Both sides rest in murder trial
By CANDACE RONDEAUX, Times Staff Writer
This is the third trial for the defendant, whose ex-wife is testifying against him.
Published August 13, 2005
TAMPA - She brokered the deal. She found the hitman. She
collected the blood money. But Gail Milligan says she never wanted to
be involved in Thelma Royston's murder, and all she knows is Michael
Mordenti told her he shot Royston in the head.
Milligan, 56, has said a lot of things since her ex-husband was
charged 15 years ago with murdering Royston in an Odessa horse barn.
Milligan said she never dated Larry Royston, the man who paid $17,000
to have his wife killed.
Milligan's old business partner, Jack Gartley, told a different
story Friday when he took the stand in Mordenti's murder trial.
Although Milligan vehemently denied having an affair with Larry
Royston, Gartley said he and a lady friend went on two double dates
with Milligan and the slain woman's husband shortly before Royston was
"They were holding hands, hugging and kissing," Gartley said.
That was several weeks before the June 1989 murder, he said, and
not long after Milligan told Gartley that she'd like to hurt Mordenti -
in a big way.
"She said she'd like to have his knees broke or she'd like to have him murdered," Gartley told jurors Friday.
Hillsborough prosecutor Scott Harmon repeatedly tried to slice
through Gartley's testimony, questioning the 73-year-old's memory.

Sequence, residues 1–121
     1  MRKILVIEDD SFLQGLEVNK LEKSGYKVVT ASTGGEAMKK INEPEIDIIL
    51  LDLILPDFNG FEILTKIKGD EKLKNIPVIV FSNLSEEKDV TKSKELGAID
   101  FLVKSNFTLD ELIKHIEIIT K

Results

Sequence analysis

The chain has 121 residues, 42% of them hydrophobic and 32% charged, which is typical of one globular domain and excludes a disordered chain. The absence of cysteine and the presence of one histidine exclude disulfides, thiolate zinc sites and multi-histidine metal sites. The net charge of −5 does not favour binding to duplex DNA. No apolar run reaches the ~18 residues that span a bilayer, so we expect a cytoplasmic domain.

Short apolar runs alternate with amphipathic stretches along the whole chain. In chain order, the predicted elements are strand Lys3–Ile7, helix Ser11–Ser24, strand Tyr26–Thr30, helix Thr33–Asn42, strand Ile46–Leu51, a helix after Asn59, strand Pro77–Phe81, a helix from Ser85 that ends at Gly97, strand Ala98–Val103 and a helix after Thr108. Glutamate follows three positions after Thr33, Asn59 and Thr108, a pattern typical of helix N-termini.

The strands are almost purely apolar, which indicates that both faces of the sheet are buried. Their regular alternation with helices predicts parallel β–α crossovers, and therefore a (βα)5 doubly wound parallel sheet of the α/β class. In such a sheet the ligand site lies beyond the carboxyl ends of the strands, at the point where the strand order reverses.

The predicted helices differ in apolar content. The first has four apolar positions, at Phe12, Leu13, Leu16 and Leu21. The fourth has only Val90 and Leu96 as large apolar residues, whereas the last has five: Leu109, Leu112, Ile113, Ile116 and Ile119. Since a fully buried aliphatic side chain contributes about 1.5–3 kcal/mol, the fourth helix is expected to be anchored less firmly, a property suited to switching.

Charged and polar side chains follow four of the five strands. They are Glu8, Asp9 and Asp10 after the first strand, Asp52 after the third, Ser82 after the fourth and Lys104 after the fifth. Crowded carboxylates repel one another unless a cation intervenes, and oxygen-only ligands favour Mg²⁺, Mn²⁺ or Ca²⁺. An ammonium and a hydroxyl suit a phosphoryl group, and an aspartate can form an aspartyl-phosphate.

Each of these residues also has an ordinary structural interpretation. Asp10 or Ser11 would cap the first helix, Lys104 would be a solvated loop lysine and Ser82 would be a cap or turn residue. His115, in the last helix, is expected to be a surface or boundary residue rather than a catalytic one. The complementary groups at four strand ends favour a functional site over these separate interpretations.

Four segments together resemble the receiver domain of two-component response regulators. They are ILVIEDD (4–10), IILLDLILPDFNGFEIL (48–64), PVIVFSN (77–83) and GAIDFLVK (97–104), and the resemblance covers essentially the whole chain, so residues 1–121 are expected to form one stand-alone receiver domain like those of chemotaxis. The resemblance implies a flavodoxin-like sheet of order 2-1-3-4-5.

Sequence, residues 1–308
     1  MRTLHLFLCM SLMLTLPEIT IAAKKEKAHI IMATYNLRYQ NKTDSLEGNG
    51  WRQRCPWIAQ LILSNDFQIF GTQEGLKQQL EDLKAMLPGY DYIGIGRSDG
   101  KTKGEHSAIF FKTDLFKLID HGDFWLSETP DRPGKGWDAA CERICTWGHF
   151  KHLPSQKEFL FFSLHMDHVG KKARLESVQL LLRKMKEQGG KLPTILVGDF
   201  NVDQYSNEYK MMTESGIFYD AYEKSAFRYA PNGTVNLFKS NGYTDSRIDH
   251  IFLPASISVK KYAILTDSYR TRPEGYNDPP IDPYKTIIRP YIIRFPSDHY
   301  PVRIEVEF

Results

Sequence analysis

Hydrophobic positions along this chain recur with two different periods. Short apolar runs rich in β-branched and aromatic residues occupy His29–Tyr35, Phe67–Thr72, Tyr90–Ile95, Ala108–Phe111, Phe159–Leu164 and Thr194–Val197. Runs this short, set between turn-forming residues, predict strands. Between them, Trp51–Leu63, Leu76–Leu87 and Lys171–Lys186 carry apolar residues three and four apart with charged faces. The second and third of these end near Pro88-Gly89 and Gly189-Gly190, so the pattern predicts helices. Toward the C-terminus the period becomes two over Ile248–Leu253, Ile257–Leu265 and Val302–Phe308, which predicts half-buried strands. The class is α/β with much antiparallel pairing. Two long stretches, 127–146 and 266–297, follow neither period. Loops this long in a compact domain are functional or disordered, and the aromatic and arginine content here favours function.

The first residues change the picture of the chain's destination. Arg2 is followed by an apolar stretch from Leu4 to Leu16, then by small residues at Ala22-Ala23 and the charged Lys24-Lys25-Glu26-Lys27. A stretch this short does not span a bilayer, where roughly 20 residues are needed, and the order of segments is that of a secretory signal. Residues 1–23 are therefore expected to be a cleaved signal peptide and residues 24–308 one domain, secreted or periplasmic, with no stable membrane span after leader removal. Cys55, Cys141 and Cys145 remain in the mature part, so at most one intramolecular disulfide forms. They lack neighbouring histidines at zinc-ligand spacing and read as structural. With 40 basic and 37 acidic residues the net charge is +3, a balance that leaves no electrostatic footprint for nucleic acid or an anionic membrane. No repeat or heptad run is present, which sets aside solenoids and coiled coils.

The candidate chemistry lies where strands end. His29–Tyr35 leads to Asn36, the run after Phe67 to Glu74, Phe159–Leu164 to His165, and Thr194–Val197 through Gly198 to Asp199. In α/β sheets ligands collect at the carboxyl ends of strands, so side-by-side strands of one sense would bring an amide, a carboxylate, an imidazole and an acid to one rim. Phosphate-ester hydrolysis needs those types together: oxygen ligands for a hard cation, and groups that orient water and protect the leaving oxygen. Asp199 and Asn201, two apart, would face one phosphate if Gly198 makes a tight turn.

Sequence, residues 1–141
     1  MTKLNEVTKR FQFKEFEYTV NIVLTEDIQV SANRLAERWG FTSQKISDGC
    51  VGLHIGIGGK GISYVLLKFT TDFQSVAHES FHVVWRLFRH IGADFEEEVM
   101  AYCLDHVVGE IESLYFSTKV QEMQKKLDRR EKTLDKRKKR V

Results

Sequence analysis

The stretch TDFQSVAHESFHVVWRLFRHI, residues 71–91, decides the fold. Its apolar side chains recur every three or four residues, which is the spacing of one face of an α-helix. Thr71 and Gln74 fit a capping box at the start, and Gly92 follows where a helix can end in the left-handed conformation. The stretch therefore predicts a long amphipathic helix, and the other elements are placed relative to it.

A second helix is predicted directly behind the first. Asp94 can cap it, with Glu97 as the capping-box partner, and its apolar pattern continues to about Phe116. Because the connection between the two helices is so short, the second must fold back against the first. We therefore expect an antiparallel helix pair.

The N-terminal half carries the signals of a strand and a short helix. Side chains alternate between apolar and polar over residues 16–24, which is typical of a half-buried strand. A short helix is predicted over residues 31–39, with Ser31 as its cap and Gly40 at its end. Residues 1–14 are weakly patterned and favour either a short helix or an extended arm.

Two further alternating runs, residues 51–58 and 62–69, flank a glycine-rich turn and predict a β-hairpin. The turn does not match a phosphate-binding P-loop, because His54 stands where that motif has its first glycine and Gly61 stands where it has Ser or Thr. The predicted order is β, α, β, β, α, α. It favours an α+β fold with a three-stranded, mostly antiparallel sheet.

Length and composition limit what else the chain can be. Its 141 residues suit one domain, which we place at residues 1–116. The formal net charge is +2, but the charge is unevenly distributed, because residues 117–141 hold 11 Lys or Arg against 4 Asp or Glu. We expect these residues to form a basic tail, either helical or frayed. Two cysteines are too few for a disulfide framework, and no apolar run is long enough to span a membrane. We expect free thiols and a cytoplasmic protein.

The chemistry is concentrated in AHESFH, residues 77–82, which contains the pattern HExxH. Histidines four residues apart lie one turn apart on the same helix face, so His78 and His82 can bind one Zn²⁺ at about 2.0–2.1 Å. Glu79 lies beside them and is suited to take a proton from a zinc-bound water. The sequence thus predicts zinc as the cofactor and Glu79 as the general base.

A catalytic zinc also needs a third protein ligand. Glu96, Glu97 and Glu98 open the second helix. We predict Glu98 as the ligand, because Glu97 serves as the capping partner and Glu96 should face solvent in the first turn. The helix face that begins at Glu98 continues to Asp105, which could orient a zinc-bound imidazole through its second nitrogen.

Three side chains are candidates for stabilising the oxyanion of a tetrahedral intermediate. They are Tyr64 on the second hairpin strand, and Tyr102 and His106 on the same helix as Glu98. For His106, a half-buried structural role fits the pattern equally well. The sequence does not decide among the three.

Unsteady on his feet as he took the witness stand, Gartley grew testy
with the prosecutor during the fifth day of Mordenti's trial. But
Gartley was resolute, saying he was certain Milligan had spent the
night at least once with Larry Royston.
On Wednesday, Milligan testified she understood that the immunity
deal prosecutors granted her for fingering her ex-husband would apply
as long as she told the truth and had never had a romantic relationship
with Royston's husband. When questioned by Mordenti's attorney about
her connection with Larry Royston, she insisted it was platonic.
She also testified that she had approached Gartley and others about
the murder-for-hire scheme before Mordenti finally agreed to do the
deed. She thought Gartley, her former partner in a used car dealership,
could use his old mob connections to arrange the hit.
But Gartley denied knowing anything about the mob. He said he
tipped off police about Larry Royston's involvement several months
after the slain woman's husband told Gartley she was "taking him to the
cleaners" in a divorce and he wanted her dead.
That testimony appeared to undercut the prosecution's game plan,
pointing to another weakness in a case that seemed airtight when
Mordenti was first convicted for the murder. The weapon was never
found, nor did investigators find the person Milligan said accompanied
Mordenti the day of the murder.
In 1991, prosecutors successfully used Milligan's testimony to
convince a jury that Mordenti was the killer. He was sentenced to death
then, but the Florida Supreme Court ordered a new trial in December
after it was revealed that prosecutors withheld crucial evidence. A new
jury deadlocked during Mordenti's second trial in May.
This time prosecutors are not pursuing the death penalty. Both
sides rested their cases Friday. Both sides are expected to give
closing statements Monday.
Candace Rondeaux can be reached at 813 226-3337 or email@example.com
[Last modified August 13, 2005, 01:21:17]
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